A first step in the journey to develop a proposed $60 million biorefinery complex in the Far North happened recently, with the planting of around 1000 blue agave plants at the MSF Sugar Tableland Mill.

The company is trialling blue agave as a feedstock to produce ethanol biofuel and green electricity. The crop could act as an alternative feedstock to sugar cane in the off-growing season, potentially allowing the planned biorefinery to operate 12 months of the year.

Blue agave grows well in dry land conditions with minimal irrigation required, potentially offering local growers future income growth and diversification opportunities.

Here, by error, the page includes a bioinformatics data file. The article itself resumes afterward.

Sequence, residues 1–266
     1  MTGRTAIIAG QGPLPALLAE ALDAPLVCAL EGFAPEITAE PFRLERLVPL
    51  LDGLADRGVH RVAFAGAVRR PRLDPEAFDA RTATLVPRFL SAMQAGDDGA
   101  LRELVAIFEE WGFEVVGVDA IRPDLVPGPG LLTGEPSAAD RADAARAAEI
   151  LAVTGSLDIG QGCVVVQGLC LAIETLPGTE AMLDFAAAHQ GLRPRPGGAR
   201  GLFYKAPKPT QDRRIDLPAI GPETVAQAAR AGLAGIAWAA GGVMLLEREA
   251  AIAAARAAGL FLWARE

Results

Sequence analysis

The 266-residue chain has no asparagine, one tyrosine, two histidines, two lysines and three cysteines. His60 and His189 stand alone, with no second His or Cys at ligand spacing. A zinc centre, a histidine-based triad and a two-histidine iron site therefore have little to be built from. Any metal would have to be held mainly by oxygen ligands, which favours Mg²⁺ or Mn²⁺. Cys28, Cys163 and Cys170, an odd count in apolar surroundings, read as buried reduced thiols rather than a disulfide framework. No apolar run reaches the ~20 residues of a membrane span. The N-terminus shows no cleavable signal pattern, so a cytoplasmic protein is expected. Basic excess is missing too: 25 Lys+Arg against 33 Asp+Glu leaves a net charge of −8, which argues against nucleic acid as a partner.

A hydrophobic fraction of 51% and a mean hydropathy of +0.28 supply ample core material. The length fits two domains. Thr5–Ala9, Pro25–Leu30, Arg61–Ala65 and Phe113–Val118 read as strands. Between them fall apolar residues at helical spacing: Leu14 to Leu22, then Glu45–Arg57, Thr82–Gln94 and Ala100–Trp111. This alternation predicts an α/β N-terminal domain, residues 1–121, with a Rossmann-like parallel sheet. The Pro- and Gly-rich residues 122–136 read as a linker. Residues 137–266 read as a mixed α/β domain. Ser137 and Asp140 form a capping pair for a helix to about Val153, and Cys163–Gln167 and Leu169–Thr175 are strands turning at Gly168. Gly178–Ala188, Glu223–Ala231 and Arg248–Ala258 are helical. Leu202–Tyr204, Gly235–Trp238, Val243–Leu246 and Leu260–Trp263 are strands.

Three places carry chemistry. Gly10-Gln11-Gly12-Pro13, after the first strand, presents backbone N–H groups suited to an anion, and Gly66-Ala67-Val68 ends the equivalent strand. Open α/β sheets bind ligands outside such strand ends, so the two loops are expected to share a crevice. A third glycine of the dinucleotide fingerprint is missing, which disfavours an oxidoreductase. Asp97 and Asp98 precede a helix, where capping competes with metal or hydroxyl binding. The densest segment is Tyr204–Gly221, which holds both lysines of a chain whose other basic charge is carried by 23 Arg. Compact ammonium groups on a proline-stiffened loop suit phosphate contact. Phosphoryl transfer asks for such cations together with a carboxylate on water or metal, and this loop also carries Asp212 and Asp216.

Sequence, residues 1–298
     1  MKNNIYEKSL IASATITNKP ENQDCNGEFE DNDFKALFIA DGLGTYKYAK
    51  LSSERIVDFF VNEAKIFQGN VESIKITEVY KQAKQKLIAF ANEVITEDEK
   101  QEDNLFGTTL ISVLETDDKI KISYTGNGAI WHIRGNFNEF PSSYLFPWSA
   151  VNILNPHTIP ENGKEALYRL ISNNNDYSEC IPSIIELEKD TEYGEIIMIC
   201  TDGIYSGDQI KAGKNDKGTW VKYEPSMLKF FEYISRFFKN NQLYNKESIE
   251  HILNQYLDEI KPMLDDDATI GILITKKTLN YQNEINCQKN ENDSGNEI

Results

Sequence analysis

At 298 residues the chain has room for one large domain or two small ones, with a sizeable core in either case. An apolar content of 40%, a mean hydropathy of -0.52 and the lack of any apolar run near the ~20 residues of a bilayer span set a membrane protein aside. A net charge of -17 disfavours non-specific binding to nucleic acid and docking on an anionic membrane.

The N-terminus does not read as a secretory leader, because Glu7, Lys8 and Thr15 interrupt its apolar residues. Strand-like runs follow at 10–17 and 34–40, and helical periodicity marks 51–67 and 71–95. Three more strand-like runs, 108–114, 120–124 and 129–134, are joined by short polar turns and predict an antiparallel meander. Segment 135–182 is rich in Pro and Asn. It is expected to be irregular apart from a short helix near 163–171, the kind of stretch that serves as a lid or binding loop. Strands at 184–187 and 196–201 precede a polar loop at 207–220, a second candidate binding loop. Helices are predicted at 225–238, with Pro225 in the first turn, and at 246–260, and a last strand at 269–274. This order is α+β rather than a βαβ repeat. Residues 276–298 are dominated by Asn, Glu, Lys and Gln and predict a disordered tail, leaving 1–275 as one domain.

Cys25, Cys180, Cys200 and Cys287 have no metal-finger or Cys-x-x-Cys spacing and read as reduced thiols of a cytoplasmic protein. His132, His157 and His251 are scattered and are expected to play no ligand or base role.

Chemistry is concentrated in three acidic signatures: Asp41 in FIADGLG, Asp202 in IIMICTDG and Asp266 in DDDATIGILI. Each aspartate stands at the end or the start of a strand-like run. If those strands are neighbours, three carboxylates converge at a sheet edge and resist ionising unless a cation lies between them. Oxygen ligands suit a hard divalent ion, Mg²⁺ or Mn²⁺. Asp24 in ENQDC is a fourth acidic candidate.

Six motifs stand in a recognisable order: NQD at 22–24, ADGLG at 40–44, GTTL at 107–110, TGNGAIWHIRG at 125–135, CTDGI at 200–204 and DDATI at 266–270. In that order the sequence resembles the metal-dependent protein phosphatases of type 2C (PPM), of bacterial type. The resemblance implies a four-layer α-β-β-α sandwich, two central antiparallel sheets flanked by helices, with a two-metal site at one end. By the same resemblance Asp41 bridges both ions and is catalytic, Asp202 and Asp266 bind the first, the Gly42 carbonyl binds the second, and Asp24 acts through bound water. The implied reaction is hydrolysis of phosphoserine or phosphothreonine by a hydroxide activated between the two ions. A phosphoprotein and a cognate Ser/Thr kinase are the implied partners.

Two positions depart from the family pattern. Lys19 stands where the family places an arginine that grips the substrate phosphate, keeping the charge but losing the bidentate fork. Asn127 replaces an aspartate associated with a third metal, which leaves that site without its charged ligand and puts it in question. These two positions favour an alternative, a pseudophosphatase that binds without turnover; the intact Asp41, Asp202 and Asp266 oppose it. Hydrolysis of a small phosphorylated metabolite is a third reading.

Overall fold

MSF Sugar’s $60 million biorefinery project was recently selected to receive support under the department's Biofutures Acceleration Program (BAP). Powered by an onsite bagasse-fuelled 24 MW Green Power Station currently undergoing construction, the MSF Sugar combined biorefinery complex is expected to produce 110,000 tonnes of raw sugar, green electricity for the grid and 55 million litres of ethanol biofuel annually.

The project is expected to generate 80 construction and farming jobs and an additional 50 operational jobs, delivering a boost to the region’s economy. The department's BAP support is directed primarily towards funding the project’s feasibility assessment. A team from the department recently visited MSF Sugar’s Tableland Mill to view the new agave planting and progress of the new Green Power Station.